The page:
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Microsoft Wins HTML App Patent 404

Posted by timothy
from the portfolio-whiplash dept.
crataegus writes "'Microsoft on Tuesday won a patent for launching a certain kind of HTML application within Windows. The patent, "Method and apparatus for writing a Windows application in HTML" (Hypertext Markup Language), describes Microsoft's way of opening up HTML applications in a window free of navigation and other interface elements, known as "chrome," and browser security restrictions.' Why does this sound vaguely familiar?"
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Microsoft Wins HTML App Patent

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  • by RobertB-DC (622190) * on Wednesday December 10, 2003 @07:11PM (#7684835) Homepage Journal
    "HTML Applications (HTAs) are full-fledged applications," the page reads. "These applications are trusted and display only the menus, icons, toolbars, and title information that the Web developer creates. In short, HTAs pack all the power of Microsoft Internet Explorer--its object model, performance, rendering power, protocol support, and channel-download technology--without enforcing the strict security model and user interface of the browser."

    So it's yet another way for Microsoft to let people call themselves "programmers", without actually having to write code. Big deal.

    I've spent 10+ years writing VB code, and I'm sure everyone will agree that there's a difference -- even in "high level" languages -- between throwing together something that will compile vs. designing a tool that does what your client needs done. Especially when "what your client needs" != "what your client requests".

    As for the security issues... when they say "these applications are trusted", the question is "by whom?" I see another way for skr1pt k1dd1es to invade systems, since all you need to do is convince one non-tech-savvy corporate VP to "trust" that message that says "I Love You, click here!". It's not like J0(ann)3 HaXX0r will be deterred by EULAs and patents.

    It's VBScript all over again. What good is a programming tool when security best practices suggest you turn it off?

    In fact, Microsoft's patent is great news. Hopefully, nobody will be tempted to license the "technology" (read: virus portal) for any other OS.
    • by acidboy (242735) on Wednesday December 10, 2003 @07:18PM (#7684904)
      So it's yet another way for Microsoft to let people call themselves "programmers", without actually having to write code. Big deal.

      I've spent 10+ years writing VB code

      You're getting on an intellectual high horse sneering down at web monkeys from the vantage point of a VB programmer? Oh the irony.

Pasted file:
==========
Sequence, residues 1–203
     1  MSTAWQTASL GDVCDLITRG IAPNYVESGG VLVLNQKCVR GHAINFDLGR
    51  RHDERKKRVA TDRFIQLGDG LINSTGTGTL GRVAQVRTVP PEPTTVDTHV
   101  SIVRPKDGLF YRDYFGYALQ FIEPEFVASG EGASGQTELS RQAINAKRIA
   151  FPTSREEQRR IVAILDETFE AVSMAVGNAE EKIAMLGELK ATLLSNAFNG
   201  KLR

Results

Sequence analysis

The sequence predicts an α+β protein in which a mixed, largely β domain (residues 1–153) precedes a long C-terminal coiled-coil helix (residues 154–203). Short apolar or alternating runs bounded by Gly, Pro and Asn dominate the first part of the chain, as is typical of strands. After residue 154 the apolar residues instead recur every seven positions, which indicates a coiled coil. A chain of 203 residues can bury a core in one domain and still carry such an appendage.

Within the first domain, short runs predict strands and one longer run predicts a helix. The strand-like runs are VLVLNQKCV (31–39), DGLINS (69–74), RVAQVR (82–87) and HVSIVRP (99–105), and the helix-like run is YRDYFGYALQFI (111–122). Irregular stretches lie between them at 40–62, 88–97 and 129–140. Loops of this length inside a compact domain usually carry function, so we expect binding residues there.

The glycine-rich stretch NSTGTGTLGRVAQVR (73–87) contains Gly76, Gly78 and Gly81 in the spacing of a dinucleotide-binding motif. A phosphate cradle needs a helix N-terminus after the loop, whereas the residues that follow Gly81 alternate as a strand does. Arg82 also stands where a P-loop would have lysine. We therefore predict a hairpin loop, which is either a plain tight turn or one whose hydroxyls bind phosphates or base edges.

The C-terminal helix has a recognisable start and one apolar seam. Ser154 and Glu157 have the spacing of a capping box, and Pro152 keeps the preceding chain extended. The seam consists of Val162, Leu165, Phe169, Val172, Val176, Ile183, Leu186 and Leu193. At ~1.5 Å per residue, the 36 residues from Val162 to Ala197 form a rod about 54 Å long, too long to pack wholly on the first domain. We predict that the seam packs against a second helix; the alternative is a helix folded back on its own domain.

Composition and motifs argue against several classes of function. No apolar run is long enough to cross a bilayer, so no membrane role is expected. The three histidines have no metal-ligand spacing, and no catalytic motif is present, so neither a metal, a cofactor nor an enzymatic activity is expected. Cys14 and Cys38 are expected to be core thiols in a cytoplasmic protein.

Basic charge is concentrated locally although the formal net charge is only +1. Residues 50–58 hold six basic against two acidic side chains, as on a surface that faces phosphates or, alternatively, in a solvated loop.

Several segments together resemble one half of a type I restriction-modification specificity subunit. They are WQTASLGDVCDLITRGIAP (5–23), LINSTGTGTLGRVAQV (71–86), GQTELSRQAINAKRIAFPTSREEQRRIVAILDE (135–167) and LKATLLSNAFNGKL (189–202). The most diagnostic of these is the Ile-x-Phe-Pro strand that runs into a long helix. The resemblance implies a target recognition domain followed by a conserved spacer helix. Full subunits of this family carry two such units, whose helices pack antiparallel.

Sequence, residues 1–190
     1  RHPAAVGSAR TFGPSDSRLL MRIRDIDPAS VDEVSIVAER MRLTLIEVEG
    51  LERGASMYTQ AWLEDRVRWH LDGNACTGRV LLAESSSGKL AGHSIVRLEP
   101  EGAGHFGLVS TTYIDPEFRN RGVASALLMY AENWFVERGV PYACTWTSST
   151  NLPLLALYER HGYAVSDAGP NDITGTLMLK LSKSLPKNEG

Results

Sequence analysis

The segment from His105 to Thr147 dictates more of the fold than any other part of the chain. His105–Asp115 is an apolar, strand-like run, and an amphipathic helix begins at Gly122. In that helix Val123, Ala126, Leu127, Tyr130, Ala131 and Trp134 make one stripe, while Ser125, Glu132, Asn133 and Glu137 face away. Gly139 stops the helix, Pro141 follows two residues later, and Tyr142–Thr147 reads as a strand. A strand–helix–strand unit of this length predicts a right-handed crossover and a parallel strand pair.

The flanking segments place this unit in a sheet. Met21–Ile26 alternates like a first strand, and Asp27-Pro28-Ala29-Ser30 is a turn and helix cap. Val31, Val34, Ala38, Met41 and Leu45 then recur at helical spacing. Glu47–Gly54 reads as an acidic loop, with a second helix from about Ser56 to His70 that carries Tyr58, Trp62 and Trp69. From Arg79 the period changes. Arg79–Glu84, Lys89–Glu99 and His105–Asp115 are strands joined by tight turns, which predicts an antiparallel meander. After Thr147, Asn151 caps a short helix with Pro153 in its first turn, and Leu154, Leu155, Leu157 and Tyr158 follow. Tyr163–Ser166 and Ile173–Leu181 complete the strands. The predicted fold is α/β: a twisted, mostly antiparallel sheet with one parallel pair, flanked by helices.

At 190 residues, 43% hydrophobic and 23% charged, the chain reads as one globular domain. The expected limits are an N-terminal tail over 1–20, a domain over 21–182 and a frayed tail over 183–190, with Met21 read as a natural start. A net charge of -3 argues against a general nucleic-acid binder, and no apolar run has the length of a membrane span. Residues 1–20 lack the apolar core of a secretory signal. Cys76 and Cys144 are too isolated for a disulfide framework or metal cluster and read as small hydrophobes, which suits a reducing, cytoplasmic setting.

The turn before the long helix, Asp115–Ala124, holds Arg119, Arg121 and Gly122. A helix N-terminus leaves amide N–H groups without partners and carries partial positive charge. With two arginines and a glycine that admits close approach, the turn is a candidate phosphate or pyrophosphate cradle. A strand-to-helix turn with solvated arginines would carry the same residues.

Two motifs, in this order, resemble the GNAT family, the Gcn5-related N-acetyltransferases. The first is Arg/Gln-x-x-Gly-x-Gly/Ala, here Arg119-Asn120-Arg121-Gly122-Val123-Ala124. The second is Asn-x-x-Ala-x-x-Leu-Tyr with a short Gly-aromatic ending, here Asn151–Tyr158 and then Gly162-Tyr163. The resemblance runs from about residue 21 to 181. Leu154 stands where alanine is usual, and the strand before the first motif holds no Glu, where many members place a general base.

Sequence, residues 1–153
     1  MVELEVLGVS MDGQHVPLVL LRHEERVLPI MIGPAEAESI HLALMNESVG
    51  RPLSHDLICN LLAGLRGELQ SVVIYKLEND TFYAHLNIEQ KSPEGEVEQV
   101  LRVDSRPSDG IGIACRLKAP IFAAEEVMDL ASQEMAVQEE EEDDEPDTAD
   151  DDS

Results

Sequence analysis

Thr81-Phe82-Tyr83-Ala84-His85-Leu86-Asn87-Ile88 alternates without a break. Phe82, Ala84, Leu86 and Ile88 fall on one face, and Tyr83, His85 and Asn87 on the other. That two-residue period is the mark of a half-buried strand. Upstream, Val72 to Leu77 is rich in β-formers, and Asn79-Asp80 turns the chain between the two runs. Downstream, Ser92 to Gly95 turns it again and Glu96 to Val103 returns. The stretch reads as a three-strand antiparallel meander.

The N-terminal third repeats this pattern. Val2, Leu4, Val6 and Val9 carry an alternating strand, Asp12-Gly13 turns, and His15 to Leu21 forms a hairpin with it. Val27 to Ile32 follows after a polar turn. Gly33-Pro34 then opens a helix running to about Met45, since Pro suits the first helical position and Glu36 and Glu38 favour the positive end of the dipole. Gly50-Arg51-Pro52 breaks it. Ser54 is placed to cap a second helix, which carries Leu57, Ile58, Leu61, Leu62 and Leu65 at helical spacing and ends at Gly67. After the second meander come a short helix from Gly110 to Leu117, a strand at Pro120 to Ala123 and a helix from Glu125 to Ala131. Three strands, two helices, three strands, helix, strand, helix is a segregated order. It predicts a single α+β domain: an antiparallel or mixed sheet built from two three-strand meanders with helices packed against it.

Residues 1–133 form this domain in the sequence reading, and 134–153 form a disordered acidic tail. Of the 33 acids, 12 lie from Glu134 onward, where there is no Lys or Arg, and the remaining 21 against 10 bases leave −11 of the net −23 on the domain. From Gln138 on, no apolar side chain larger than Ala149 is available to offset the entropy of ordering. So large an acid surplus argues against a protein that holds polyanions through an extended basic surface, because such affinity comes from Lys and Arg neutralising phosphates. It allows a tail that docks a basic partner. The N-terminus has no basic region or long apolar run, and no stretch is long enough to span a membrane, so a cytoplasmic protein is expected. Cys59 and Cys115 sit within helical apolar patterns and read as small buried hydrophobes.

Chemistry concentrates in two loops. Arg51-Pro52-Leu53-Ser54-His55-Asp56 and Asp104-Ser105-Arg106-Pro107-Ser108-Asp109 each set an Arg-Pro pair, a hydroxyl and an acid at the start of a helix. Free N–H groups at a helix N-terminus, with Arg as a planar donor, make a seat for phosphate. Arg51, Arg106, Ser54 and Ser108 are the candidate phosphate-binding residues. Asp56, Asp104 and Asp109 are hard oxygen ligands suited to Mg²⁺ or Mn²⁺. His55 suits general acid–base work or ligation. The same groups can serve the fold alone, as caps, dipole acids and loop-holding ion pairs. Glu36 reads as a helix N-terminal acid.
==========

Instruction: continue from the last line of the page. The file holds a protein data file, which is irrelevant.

• by Carnildo (712617) on Wednesday December 10, 2003 @07:23PM (#7684949) Homepage Journal
        With ten years' experience, he's probably reached the point where he can actually force VB to do what he needs it to.
        • by Jeremiah Cornelius (137) on Wednesday December 10, 2003 @07:38PM (#7685072) Homepage Journal
          Patent a Turd?

          This is a crappy idea. It got kicked to hell on the Full-Disclosure list about 2 Months ago...

          VU#865940 [cert.org] - Microsoft Internet Explorer does not properly evaluate "application/hta" MIME type referenced by DATA attribute of OBJECT element IE will execute an HTML Application (HTA) referenced by the DATA attribute of an OBJECT element if the Content-Type header returned by the web server is set to "application/hta". An attacker could exploit this vulnerability to execute arbitrary code with the privileges of the user running IE.

          (Other resources: eEye Digital Security Advisory AD20030820, MS03-032, MS02-040, CAN-2003-0532, CAN-2003-0838, CAN-2003-0809)

      • by Anonymous Coward
        You're getting on an intellectual high horse sneering down at web monkeys from the vantage point of a VB programmer? Oh the irony.

        He has a secure, most likely well paying job in the IT sector and you're looking down on him because your high school C++ teacher says "VB iz l4me?" Oh, the irony.
      • VB Rocks!!! (Score:4, Insightful)

        by Anonymous Coward on Wednesday December 10, 2003 @09:31PM (#7685909)
        I hadn't programmed seriously for about 10 years...my C was very rusty. I picked up a VB book and went through it and wrote a few apps b/c work wanted apps in VB. What the hell, I said.

        The good thing about VB is, I really hated it with a passion after about 20 minutes and put it down as soon as I could. Then I really got pissed at Microsoft for making such a weak product and got rid of Windows too. I'm now quite happily using open source products. See, VB is good.